Go tiger spotting in Madhya Pradesh’s Panna National Park, or be one with nature in Assam’s Orang National Park—but how does one practice ethical wildlife tourism?
| POSTED ON: December 21, 2020
Be one with nature in Assam’s Orang National Park, on the banks of the Brahmaputra river. Photo by: Nejib Ahmed/shutterstock
Wood-side Wonders at Orang National Park
On a trip to Orang National Park on the northern banks of Brahmaputra River in Assam, my family and I stayed in an Inspection Bungalow in the heart of the wild. The modest two-room circuit house faced the thick jungle and had open grasslands as its backyard. So as to not impact animal activity, the IB depended on dimly lit solar-powered lamps at nightfall. After dinner, we sat outside facing the grasslands. Without artificial light, our senses were doubly alert to the swishes of the swaying elephant grass, the brightness of the stars above, the odd cry from the wild, and a constant song of crickets. The prospect of elephant-back safaris, which is usually the highlight of such trips, paled in comparison to our more natural, magnified sense of being one with nature that night.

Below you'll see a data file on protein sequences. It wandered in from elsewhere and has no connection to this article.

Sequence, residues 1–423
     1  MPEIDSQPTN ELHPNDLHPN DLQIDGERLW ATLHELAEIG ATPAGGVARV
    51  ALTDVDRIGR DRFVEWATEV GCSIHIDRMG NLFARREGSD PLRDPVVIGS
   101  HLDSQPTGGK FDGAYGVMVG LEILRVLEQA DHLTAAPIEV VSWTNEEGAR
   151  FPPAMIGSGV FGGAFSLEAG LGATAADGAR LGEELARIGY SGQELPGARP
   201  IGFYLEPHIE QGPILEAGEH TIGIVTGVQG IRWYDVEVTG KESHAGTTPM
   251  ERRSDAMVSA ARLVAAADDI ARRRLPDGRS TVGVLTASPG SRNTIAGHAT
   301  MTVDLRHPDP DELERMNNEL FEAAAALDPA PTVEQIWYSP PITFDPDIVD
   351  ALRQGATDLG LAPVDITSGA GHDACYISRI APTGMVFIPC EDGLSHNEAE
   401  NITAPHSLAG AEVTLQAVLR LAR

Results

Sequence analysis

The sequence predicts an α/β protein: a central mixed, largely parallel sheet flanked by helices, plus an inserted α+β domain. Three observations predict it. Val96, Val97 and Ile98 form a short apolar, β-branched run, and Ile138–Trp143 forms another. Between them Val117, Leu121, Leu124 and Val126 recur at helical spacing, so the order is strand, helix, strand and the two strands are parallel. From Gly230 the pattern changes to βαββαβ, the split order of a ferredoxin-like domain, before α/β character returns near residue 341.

Orang National Park is a 110 km drive from the Guwahati airport, where taxis and rental cars are available. The Divisional Forest Officer, Mangaldoi Wildlife Division, and Range Forest Officer, Orang National Park, can be contacted for booking government accommodation within the park (forest.assam.gov.in/). November-March is the best time to visit. Entry fee is Rs200 per head and safaris operating between 7.30-9.30 a.m. and 2-3 p.m. can be booked at the park gate.
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